Geri-Cards Instructions and Game

Open Geri-Cards
Instructions

 


 

  • Patient Scenario Pictures


 

Instructions^

 

Goal: Residents will gain additional competence in selecting assessment tools and interventions that can be performed and/or recommended in a brief office visit.

    1. Equipment
      1. Geriatric assessment cards – 1 set of cards for each 1 or 2 participants
        1. Cards with black text represent geriatric assessment instruments
        2. Cards with blue text represent other health professionals who can assist with either assessment or an intervention aimed at a functional deficit
      2. Patient scenarios
        1. Present a very brief clinical vignette – read by instructor, embellish as needed
        2. A list of indicated assessments and/or interventions (represented by the black text cards)
        3. A list of who provides the indicated assessments and/or interventions. Each potential person(s) who provides the assessment or intervention is named, followed by the assessments or interventions they could provide (represented by the blue text cards). The assessment and interventions are indicated by the letters corresponding to indicated assessment in b.
        4. Example:

Clinical Vignette

86 y/o woman with recent frequent falls, several contusions. H/o HTN, DJD, cataracts

Indicated assessments and interventions

          1. Gait and mobility
          2. Social
          3. Environment
          4. Vision

Providers of indicated assessments
Clinic staff or Physician (a,b,c)
Home health (b,c)
Physical therapy (a,c)
Clinic staff or referral (d)

    1. “Playing” the game
      1. Pass out a set of cards to each participant, or have learners break up into groups of 2, and pass out a set of cards for each 2 participants.
      2. Instructions for the residents – for each scenario, select 4 cards – 2 “black cards” and then 2 “blue cards.” (No blue card is needed for assessments that the physician will perform.) Be prepared to discuss your rationale for cards you have selected.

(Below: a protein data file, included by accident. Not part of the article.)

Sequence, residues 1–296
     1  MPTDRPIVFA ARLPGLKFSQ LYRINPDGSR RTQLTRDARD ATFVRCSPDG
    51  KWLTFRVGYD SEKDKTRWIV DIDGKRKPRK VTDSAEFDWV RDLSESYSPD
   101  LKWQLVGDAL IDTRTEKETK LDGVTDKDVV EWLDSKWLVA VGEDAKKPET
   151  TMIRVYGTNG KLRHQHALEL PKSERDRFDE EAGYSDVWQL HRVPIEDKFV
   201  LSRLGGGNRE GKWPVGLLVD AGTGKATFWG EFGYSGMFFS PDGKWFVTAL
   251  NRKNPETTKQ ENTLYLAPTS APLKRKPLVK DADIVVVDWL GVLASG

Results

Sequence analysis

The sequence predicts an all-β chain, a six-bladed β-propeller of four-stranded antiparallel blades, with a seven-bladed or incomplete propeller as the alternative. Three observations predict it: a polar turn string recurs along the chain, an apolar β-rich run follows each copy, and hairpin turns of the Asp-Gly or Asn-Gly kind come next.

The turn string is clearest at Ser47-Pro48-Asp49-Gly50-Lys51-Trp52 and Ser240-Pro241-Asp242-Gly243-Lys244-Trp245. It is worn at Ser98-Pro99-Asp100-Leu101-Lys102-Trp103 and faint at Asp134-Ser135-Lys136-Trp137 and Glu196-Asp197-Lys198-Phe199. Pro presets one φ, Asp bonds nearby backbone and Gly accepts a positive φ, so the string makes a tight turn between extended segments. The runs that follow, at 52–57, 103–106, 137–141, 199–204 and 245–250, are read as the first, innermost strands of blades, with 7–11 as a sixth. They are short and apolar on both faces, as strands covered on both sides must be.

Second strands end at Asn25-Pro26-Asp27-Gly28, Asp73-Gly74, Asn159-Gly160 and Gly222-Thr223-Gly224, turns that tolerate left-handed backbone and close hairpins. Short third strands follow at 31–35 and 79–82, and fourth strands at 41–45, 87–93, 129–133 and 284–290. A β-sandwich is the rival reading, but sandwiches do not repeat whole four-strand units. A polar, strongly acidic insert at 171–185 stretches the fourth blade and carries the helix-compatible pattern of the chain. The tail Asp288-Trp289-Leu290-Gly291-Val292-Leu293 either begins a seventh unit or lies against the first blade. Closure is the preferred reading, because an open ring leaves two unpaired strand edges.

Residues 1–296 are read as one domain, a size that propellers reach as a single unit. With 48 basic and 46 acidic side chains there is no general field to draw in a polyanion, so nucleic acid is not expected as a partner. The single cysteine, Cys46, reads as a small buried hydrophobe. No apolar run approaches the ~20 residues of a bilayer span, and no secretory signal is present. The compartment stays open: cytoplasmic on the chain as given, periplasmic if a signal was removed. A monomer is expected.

3. The instructor reads a scenario and asks the participants to take several minutes to select their cards.
      4. The instructor asks for each participant or group of participants to put their cards on the table.
      5. The instructor asks for a volunteer, or selects a participant, to read their cards and discuss their reasoning for their selection. The instructor may comment upon this as needed. The instructor then asks for additional volunteers, especially for those who have selected different cards than those who have already discussed their selection. Once all of the different selections have been discussed, take a few minutes to discuss how you, as the experienced clinician, would prioritize selection of assessment and/or interventions for the patient in this scenario.
      6. Move on to the next scenario

TIP: Typically, there will only be a few different cards selected by all of the participants. Instead of going around the group and having each person/group discuss their selection for each card, focus instead on bringing out groups who have made different selections. Keep things moving – try to limit discussion to no more than 10 minutes per scenario.

___________________________________________________________________________________

Open Patient
Scenarios

Patient Scenarios^

 

  1. An 82 y/o woman with moderate Alzheimer’s dementia, hypertension and congestive heart failure, brought in by her daughter. She reports no problems with her breathing. She is in a wheel-chair.
    1. ADL’s
    2. Mobility Assessment
    3. Continence
    4. Caregiver stress

Caregiver (a,c,e) Clinic staff (b)

 

  1. A 80 year old man who fell two years ago and suffered several rib fractures. He has A fib s/p pacemaker implantation, HTN, HLD, hypothyroidism.
    1. Gait and mobility
    2. ?IADL’s
    3. Environment

Clinic staff (a and b)

Self-report (b,c)

Caregiver (b,c)

Home health (c)

 

  1. A 75 year-old-man, previously quite dapper, who now appears somewhat disheveled, and who seems to be having trouble with his medicines.
    1. Cognition
    2. Affect
    3. Social
    4. Nutrition
    5. IADL’s
    6. ADL’s

Clinic staff (a,b,c,d,e,f)

Caregiver (c,d,e,f)

Social worker (c,d,e,f)

Home health agency (c,d,e,f)

 

  1. 72 y/o woman with Alzheimer’s disease, lives with son, multiple admissions for COPD exacerbations.
    1. Cognition
    2. IADL’s
    3. Social
    4. Environment

Clinic staff (a,b,c)

Social worker (b, c)

Home health (c)

 

  1. 86 y/o woman with recent frequent falls, several contusions. H/o HTN, DJD, cataracts
    1. Gait and mobility
    2. Social
    3. Environment

Clinic staff (a,b,c)

Home health (b,c)

Physical therapy (a,c)

 

  1. 84 year-old woman lives alone. Family concerned about weight loss.
    1. Nutrition
    2. Cognition
    3. Affect
    4. IADL’s
    5. Social
    6. Environment

Clinic staff (a-e)

Family (d-f)

Social work (e-f)

Home health (e-f)

___________________________________________________________________________________

Open Geri-Cards

Geri-Cards^